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LeBron entered Sunday with the most points per game of any player in elimination games in NBA history, racked up 17 points in 10 superhuman minutes ... and that was pretty much it. With the Spurs' defense keying on him, his supporting cast proved inept as the Spurs regained full control. He couldn't win a title with the NBA's oldest roster this season. A long offseason awaits.
The defining moment for Dwyane Wade's NBA Finals: In the third quarter, Wade barely lifted off the floor for a feeble layup attempt that was swallowed by Tiago Splitter on the backboard. Wade, slow to rise, loafed back on defense as Patty Mills buried a 3-pointer, kicking off the game-defining Spurs run. This is not the Dwyane Wade we've known. Nowhere close.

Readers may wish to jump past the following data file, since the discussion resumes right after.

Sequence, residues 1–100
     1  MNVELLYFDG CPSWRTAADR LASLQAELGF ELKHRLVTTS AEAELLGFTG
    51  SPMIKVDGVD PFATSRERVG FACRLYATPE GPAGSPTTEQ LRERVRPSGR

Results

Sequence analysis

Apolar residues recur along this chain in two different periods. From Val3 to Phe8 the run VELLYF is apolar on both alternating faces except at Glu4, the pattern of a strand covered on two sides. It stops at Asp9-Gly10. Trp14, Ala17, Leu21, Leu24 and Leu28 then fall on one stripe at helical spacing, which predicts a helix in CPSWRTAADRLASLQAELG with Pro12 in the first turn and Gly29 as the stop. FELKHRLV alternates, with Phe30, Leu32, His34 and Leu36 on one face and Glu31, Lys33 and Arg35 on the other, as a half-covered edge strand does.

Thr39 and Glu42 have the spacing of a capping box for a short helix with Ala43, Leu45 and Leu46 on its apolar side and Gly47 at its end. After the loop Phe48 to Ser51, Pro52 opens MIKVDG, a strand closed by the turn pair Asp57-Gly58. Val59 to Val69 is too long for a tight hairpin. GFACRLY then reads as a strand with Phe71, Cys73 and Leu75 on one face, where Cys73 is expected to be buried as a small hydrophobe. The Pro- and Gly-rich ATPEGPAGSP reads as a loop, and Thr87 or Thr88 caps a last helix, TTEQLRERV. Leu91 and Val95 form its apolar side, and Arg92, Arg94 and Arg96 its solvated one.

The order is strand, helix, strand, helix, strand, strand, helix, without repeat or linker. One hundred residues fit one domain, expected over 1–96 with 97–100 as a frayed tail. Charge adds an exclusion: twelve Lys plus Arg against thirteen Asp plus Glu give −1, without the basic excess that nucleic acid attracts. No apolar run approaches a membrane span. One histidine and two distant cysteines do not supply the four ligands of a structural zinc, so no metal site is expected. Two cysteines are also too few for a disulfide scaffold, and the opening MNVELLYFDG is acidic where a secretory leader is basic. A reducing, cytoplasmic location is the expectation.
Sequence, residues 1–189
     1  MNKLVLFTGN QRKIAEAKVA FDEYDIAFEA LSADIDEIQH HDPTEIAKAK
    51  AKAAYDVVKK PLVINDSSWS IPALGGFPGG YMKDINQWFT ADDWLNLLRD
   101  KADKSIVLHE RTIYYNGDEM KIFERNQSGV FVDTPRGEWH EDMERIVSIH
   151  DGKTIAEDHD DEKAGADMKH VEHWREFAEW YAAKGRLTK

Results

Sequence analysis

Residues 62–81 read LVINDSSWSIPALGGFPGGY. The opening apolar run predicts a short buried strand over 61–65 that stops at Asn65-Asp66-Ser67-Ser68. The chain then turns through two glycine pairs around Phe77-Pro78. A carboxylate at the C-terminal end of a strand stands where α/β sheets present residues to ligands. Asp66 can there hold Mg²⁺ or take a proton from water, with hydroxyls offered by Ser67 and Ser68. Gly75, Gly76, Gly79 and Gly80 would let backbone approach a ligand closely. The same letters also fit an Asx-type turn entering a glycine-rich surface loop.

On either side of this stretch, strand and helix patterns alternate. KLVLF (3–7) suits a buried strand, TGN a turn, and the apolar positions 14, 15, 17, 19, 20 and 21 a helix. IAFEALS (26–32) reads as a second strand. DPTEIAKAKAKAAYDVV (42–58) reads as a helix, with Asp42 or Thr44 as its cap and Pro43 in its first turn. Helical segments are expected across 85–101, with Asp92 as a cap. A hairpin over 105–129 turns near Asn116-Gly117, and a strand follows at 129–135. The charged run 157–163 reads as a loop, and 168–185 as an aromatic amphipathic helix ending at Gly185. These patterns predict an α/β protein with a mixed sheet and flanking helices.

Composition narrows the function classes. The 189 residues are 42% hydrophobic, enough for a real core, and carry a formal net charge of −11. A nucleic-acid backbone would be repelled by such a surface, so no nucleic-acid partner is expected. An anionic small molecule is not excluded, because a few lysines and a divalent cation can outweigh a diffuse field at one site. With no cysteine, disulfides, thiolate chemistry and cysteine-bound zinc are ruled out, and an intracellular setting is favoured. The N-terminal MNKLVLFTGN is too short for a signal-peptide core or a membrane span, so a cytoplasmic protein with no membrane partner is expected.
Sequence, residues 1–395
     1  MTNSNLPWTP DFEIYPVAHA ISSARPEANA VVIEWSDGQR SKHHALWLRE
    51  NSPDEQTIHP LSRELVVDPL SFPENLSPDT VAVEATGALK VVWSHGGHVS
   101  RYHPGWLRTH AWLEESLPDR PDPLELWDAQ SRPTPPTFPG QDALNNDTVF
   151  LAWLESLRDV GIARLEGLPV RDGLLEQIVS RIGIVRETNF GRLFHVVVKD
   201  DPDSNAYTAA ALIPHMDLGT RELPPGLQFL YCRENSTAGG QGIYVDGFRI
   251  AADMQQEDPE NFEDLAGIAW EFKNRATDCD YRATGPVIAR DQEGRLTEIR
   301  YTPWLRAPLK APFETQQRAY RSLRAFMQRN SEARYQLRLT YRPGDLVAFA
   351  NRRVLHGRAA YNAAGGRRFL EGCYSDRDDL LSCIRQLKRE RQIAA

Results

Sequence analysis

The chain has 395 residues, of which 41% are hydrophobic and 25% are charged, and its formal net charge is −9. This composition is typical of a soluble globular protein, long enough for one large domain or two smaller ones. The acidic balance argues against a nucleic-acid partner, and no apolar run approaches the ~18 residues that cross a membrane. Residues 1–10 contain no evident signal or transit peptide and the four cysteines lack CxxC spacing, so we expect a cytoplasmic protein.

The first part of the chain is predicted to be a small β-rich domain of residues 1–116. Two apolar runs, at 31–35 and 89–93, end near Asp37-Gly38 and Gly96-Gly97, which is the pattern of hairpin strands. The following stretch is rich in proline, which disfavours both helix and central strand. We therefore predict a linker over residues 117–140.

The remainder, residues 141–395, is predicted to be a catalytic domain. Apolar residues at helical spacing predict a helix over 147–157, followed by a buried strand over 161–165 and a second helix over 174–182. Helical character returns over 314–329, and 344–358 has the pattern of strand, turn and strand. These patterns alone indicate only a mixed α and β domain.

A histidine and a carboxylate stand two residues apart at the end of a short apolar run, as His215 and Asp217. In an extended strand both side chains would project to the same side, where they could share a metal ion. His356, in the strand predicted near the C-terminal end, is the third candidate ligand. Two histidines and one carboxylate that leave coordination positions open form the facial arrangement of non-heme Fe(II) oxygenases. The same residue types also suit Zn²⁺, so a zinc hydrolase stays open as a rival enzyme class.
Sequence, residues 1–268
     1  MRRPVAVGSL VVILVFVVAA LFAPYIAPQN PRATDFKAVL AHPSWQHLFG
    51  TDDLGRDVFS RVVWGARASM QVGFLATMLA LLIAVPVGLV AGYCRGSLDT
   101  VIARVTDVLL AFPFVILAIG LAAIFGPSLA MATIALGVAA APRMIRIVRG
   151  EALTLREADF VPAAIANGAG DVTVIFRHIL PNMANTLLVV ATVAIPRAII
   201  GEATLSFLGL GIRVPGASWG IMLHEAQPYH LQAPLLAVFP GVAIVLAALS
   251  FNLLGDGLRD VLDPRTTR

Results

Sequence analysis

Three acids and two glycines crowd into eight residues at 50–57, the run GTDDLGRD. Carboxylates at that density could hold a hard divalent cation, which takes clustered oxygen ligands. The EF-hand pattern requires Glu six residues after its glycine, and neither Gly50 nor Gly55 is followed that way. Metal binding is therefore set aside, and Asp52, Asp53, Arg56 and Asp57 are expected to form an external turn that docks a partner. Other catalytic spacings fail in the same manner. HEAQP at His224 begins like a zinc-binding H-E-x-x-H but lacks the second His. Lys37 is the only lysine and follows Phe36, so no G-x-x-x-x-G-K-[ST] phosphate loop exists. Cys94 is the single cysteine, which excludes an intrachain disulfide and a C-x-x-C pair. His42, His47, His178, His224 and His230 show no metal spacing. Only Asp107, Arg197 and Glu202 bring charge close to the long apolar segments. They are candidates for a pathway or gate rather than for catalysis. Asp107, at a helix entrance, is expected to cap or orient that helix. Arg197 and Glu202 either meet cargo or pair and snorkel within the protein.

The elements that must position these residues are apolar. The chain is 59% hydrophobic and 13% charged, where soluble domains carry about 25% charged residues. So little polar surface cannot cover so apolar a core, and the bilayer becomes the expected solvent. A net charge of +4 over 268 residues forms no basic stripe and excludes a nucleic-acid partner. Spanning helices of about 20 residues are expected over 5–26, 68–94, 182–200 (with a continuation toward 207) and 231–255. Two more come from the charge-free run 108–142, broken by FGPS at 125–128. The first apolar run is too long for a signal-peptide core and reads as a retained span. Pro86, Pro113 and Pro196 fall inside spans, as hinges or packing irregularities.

Bosh pseudo-guaranteed a win, and, well, here we are. Normally a smart, sound jump shooter, most of his shots came with a lean or a hand in his face, and he was outclassed by Tim Duncan in the rim protection department. He played like their third-best player, but they needed him to be their second-best.
Heading into the fourth quarter, the Heat's bench had one field goal total: a late layup by Mario Chalmers, who was benched for poor play. Erik Spoelstra tried everything with this crew: even Michael Beasley got minutes in the second half. Their second unit flailed while Patty Mills and Manu Ginobili put this one away. There's your game -- and your championship.
On the biggest stage, they didn't just deliver, they dominated. The Spurs got contributions from their entire roster, no Heat shots came easy in the half court, and the Spurs turned a 16-point deficit into a blowout with a barrage of 3-pointers. Tony Parker missed his first 10 shots and this one was still over in the third quarter. The better team won. No question.